The key to your success starts and ends with you – re-invent yourself
Last week I had the pleasure to speak in front of a small audience to inspire people at a cross roads in their life or career. A lady came to thank me afterwards. She quickly summarised her education and work life as not surmounting to much in her opinion. Then she asked if I would have a quick look at her phone. With shaking hands, she opened the gallery and showed me photos of the drawings and paintings she had done. They were truly breath-taking. The years of “I’m no good” dialogue had made her doubt if she had any talent at all, but there on her phone was the proof that she was incredibly gifted and it had almost gone unnoticed.
Are you worried or at the very least conscious about the environment and the fact that we are fast running down the natural resources of the planet we live on? I am. But there is one kind of wastefulness I witness every working day: the waste of people’s natural talents and skills.
Many people have been conditioned by the educational system that they start out a Nobody. The only way to turn a Nobody into a Somebody is through ticking the boxes we all recognise: diploma’s, certificates, letters behind one’s name, status symbols and things that money buys. It’s a rigid structure; a common language that divides people into the clever and the “not so..”, into the intellectuals and workers. Kids quickly know which group they “belong to”. You go to school and you are segregated by age, possibly labelled. The clever group are in an enviable position, the rest struggle on. Most parents want their child to score high, learn fast and study hard. The conviction is education opens doors and guarantees a future.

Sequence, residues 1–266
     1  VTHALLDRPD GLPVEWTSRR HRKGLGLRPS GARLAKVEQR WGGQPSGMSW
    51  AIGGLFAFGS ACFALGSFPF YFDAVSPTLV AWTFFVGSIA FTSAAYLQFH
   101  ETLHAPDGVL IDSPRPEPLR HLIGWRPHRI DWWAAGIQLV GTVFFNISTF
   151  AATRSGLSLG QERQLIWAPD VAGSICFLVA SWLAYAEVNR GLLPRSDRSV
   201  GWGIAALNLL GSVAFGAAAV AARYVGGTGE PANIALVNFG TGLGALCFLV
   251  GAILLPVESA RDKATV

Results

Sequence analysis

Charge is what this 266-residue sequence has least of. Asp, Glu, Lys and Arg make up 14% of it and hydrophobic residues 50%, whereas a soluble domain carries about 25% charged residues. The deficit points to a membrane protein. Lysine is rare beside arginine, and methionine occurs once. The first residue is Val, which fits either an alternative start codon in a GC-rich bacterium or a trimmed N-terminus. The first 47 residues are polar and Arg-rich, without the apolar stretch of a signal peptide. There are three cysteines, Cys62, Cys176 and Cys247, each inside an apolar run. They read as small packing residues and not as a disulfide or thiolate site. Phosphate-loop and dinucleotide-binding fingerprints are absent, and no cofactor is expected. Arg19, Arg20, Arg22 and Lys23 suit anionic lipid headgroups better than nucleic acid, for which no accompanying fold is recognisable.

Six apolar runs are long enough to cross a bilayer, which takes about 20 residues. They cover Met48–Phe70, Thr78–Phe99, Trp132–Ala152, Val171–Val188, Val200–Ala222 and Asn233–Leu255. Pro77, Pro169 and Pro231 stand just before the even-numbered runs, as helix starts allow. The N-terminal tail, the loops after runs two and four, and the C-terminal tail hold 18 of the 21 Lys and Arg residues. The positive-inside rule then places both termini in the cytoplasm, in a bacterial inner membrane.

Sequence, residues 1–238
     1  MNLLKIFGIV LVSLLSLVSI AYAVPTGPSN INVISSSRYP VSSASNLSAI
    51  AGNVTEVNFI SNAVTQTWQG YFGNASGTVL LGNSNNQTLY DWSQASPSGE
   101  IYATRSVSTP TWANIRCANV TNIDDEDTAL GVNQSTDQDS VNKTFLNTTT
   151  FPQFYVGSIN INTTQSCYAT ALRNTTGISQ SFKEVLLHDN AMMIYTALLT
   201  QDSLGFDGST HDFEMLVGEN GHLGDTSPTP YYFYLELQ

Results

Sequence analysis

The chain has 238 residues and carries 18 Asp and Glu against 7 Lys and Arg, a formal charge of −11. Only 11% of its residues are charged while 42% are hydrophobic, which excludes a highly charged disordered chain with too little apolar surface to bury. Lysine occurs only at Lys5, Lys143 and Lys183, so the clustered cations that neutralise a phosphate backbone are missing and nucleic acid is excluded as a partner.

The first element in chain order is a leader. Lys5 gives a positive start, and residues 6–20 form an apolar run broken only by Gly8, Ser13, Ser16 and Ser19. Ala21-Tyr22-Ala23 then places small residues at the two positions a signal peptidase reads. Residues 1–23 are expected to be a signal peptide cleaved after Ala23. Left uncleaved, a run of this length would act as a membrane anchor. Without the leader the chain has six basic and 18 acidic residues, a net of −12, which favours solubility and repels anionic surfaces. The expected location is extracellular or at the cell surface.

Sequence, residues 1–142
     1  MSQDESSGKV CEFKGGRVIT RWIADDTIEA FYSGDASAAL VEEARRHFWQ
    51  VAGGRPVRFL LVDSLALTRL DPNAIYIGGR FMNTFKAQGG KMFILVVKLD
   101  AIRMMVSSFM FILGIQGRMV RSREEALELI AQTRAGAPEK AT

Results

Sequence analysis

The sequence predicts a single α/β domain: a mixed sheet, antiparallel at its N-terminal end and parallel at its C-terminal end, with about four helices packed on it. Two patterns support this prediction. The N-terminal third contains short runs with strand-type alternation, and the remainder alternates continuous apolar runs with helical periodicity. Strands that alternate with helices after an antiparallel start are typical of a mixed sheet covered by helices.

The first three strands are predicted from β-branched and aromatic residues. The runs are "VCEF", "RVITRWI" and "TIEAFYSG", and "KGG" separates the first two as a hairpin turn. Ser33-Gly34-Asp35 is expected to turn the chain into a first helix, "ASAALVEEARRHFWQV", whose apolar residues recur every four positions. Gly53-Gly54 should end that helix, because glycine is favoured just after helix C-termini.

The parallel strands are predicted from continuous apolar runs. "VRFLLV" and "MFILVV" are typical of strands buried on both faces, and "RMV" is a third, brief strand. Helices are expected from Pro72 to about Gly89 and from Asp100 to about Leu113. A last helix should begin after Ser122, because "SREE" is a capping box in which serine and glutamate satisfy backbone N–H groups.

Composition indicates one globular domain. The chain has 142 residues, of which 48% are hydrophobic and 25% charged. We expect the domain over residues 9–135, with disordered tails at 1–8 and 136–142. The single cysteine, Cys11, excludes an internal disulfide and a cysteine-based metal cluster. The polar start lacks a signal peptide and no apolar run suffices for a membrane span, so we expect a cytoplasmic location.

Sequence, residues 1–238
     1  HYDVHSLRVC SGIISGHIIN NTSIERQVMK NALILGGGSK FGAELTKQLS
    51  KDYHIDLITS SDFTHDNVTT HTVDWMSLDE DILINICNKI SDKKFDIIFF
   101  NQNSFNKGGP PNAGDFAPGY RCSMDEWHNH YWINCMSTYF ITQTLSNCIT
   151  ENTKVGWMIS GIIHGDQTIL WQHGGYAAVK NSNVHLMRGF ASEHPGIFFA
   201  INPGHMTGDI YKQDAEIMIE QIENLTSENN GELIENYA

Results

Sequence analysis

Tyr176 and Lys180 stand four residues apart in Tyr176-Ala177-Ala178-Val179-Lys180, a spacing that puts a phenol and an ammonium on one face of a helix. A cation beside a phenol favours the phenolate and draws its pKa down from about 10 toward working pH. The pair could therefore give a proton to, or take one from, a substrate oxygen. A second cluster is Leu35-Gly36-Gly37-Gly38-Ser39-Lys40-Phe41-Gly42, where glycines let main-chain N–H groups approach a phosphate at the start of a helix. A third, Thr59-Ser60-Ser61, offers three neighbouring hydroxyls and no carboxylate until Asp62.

But the world has changed and no longer the highly educated are any more certain of anything than people who learned a skill. Education has always mostly been an outside-in process. You read books, you performed given tasks, you took instruction of those who had been educated more than you. The bar was set at a certain height. Intelligence was measured against some standards, based on retention and recall. Depending on whether you made the grade or not created in some cases lifelong consequences. After some time, people forgot the scores they had achieved, but they never easily forgot how it made them feel.
The educational system has not adapted quickly to the changing times. We live in a digital world with knowledge at our fingertips and the ability to learn, experience and encounter how other people have done it, researched it and explain it within seconds. We can connect with people all over the world and share experiences. We can even find the necessary teachers and coaches to guide us online.
Yet the educational structure still allows English and Maths to rule all. Creativity and art are seen as inferior and sport -despite the declining health and poor obesity rates of young people- is no big academic player. Kids are still tested and grouped by perceived ability as a result. Graphs are made by joining the dots of averages, yet everyone knows no child is the same.
How are you intelligent?
In a world with knowledge abound, intelligence is assessed against an old framework. It’s not how much you can retain that defines how intelligent you are, but how you adapt to our environment. What if the definition of it is much broader than ever expected? In his book “The Element”, educational expert Ken Robinson, says that the question is not “How intelligent are you?” but really ought to be: “How are you intelligent?” To have that level of self-awareness, to be curious and have the ability to lead, to be creative, innovative and solution focussed, are skills of self-development in modern times. How we assess the knowledge we have access to and what we do with it, is what counts.